Britain's economy grew almost twice as fast as expected in the second quarter of this year propelled by a sharp pick-up in services and the biggest rise in construction in almost 50 years.
Data from the Office for National Statistics showed gross domestic product jumped 1.1 percent on the quarter, the fastest rise in four years. On the year, it was up 1.6 percent, the first positive reading in two years.
The figures, which were well above even the highest forecasts in a Reuters poll, suggests the economic recovery is more robust than many thought and lifted sterling more than half a cent against the dollar.
Gilt futures tumbled as investors questioned how long the Bank of England would keep interest rates at their record low 0.5 percent, particularly with inflation running so far above target.
"The prospect of an interest rate hike before the end of the year has just jumped while further (monetary) stimulus is now looking less likely," said Howard Archer, chief UK and European economist with IHS Global Insight.
"The much sharper-than-expected pick up in GDP growth in the second quarter is likely to make discussions within the Bank of England's Monetary Policy Committee even more lively."
Finance minister George Osborne said the figures were evidence that the private sector would be able to fill the gap left by public spending cutbacks.
"Today's figures show the private sector contributing all but 0.1 percent of the growth in the second quarter, and put beyond doubt that it was right to begin acting on the deficit now," he said.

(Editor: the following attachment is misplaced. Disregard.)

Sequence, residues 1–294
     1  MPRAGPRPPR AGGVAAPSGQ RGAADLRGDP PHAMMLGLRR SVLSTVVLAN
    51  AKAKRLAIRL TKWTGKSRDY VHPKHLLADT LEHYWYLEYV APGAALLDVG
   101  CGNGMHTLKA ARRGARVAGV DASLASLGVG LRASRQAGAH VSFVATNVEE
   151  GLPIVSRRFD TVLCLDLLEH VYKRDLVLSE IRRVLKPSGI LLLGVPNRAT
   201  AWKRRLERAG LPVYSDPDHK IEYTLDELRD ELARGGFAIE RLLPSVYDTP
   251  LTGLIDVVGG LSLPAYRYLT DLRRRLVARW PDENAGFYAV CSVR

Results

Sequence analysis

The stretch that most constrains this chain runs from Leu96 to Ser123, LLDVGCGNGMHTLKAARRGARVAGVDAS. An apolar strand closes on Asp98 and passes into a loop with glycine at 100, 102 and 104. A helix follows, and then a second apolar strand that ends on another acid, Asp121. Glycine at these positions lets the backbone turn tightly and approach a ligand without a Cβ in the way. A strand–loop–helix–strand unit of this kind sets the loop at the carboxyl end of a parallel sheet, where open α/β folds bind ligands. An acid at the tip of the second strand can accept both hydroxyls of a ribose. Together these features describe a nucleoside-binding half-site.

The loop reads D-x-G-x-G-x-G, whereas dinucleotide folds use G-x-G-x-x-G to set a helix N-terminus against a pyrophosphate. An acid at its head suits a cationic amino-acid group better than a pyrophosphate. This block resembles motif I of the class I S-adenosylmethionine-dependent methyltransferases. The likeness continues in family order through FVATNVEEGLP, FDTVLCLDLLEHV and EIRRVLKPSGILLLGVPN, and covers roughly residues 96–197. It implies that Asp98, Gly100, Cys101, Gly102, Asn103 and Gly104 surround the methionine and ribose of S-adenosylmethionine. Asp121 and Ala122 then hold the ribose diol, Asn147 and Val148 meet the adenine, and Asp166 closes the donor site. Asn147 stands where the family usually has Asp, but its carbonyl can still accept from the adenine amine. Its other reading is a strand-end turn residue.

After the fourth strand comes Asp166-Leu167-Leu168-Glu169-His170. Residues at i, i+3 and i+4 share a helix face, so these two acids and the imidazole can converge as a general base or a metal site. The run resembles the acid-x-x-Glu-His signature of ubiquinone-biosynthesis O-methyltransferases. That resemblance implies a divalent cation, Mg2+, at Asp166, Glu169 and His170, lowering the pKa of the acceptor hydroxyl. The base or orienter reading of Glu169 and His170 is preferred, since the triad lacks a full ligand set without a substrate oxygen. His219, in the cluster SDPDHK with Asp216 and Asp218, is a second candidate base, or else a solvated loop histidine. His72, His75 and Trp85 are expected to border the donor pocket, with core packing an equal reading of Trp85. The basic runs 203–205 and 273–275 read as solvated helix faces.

Still, the figures showed the economy has recouped only a quarter of the output lost during the 18-month recession. And analysts cautioned that there could be a loss of momentum in the second half of this year.
"My hunch is that Q3 is certainly not going to be as good as this," said Amit Kara, economist at UBS, who said the government's forecast for 1.3 percent growth this year still looked optimistic.
"This is about as good as it gets."
The jump in output was mainly down to the services sector, which enjoyed its fastest growth in three years, expanding by 0.9 percent on the quarter -- three times as fast as in Q1 and contributing 0.7 percentage points to growth.
Manufacturing grew 1.6 percent, its biggest rise in more than 10 years.
Construction leapt by 6.6 percent on the quarter -- its fastest rate since 1963. The construction data was based for the first time on a new monthly survey, rather than estimates which have previously been used at this stage.
The rebound in construction output in Q2 came after a fall of 1.6 percent in Q1 which the ONS said was due to the poor weather. Construction output contributed 0.4 percentage points to growth between April and June.
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